I recently attended a conference comparing the effects of the financial crisis for populism in 12 European countries. One of many debates regarded the role of populism in a democracy – is it a threat to liberal democracy or a productive force? Populism wants the general will of the people to be turned into political decisions as directly as possible, and is thus hostile towards the checks and balances of liberal democracy and expertise in government. By this simplistic view of how decisions should be made, it offers the people inflated promises which might prove difficult to keep in the long run. On the other hand, however, it can increase citizens’ interest, understanding and influence in politics – a good thing, for most believers in democracy.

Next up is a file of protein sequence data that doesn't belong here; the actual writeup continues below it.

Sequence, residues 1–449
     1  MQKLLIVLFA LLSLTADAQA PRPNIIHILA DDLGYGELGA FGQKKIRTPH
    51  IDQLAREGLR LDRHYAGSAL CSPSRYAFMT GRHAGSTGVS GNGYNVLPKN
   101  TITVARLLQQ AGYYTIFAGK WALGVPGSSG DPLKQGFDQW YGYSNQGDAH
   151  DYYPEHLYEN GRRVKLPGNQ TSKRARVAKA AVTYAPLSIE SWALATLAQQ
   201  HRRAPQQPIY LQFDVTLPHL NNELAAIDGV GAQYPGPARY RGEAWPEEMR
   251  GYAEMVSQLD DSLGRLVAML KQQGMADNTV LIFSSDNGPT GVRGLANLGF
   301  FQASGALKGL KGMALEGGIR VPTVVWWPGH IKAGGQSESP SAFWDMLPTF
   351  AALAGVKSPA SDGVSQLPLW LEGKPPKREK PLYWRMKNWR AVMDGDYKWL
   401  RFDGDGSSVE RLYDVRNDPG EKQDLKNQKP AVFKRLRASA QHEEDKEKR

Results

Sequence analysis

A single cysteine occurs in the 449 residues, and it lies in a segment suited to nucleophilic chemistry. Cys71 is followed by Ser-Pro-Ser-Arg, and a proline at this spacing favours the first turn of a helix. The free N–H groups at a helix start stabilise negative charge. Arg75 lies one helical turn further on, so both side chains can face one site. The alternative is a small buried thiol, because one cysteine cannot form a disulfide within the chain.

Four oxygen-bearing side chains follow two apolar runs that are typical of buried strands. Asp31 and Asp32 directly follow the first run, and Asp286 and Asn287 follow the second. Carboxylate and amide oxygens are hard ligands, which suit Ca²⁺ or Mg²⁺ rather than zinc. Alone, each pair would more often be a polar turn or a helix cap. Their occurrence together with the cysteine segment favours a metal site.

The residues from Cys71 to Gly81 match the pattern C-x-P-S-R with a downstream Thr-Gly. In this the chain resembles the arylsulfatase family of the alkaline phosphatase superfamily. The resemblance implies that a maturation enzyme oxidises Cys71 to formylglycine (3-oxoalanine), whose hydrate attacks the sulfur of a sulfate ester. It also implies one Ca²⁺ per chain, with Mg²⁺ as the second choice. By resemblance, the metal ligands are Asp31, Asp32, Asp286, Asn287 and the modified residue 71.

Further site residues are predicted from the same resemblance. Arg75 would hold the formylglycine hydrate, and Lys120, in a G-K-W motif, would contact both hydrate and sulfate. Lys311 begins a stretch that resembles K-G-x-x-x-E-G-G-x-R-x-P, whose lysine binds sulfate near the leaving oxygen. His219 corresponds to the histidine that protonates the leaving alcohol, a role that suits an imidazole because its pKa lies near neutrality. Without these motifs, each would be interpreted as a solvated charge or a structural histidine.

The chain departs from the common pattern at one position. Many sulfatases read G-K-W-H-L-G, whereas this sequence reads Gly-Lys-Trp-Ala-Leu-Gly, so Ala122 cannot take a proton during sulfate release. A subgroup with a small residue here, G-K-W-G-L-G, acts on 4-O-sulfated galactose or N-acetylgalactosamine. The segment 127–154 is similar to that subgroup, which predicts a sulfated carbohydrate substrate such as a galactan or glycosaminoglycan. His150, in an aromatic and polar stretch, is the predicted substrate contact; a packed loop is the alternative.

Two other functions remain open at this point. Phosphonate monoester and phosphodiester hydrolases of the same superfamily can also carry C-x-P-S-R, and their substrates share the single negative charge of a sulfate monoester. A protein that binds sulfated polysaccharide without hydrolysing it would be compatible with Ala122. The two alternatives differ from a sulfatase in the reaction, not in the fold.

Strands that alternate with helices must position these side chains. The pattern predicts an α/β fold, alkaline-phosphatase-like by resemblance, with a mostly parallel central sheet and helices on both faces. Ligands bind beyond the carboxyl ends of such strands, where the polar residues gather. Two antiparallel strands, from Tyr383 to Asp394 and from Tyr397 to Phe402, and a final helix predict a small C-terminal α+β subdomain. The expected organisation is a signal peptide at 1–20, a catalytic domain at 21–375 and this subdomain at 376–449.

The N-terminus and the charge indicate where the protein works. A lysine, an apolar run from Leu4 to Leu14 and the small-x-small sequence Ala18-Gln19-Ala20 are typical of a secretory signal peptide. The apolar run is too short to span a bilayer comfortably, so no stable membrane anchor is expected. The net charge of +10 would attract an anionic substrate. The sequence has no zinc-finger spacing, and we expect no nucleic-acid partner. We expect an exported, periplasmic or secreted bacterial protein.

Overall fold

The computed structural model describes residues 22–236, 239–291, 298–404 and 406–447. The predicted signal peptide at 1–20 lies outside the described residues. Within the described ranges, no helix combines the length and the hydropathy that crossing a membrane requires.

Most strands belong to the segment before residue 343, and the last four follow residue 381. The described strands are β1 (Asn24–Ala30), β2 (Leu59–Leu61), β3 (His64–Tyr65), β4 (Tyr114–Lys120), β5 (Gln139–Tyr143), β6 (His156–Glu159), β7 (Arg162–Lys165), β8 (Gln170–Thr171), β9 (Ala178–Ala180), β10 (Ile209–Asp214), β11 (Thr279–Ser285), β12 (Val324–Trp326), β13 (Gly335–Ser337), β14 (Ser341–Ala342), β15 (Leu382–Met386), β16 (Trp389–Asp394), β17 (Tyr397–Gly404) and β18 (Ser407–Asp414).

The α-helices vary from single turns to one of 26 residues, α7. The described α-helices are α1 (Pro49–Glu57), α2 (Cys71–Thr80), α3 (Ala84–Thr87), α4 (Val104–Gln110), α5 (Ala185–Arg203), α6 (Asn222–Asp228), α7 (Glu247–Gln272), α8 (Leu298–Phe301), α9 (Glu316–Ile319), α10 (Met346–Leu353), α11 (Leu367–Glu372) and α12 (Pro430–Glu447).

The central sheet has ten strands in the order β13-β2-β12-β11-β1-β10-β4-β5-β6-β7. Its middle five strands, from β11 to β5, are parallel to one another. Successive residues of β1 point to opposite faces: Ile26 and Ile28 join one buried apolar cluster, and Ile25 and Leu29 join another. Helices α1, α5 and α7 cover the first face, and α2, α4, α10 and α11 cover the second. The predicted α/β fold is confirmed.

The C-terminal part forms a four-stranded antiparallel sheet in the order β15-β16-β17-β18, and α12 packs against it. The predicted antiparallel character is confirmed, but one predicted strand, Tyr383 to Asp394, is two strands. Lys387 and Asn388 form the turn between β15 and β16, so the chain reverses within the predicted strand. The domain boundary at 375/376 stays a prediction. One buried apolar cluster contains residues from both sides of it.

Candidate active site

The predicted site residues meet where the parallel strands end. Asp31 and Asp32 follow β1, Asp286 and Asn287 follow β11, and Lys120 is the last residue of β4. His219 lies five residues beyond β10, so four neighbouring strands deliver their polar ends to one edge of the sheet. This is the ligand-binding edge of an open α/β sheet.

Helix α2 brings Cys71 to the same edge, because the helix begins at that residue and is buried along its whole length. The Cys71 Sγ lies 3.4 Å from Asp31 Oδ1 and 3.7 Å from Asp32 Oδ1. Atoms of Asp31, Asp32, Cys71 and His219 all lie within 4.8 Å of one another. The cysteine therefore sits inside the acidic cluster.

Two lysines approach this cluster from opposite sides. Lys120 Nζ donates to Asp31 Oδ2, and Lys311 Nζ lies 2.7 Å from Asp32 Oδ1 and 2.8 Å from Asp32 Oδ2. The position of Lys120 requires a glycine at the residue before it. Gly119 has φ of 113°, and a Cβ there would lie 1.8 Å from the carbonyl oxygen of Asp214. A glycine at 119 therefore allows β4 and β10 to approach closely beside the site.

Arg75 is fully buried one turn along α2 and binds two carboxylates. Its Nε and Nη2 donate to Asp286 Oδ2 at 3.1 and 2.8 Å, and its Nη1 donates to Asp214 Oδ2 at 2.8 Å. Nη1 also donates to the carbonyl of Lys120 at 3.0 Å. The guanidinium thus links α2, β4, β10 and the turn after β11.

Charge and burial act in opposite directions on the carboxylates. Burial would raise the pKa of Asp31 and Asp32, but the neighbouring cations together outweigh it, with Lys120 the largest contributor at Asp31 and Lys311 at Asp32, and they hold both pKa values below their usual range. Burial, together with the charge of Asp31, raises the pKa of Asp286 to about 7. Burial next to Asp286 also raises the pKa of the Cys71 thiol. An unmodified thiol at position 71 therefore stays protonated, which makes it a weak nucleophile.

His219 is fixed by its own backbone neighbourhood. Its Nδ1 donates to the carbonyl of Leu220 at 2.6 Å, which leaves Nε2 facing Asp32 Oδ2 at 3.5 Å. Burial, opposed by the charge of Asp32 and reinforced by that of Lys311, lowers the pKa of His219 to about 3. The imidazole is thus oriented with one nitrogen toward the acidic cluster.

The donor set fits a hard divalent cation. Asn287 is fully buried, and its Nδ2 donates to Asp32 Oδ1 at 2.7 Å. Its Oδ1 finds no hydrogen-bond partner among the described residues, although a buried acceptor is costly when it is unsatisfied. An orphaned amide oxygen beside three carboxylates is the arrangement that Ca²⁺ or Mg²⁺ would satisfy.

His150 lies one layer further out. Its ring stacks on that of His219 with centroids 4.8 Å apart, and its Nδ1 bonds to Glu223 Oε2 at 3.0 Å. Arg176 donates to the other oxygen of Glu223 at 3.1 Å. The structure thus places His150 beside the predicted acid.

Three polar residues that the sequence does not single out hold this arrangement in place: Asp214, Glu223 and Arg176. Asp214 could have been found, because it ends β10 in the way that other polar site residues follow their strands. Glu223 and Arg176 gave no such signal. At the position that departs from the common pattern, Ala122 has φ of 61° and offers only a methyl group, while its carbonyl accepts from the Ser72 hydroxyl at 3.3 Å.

So populism has its up- and downsides. However, it seems that context matters tremendously for which of them end up weighing more. Populism affects the functioning of democracy very differently in different democracies. Continue reading Populism – Threat or opportunity?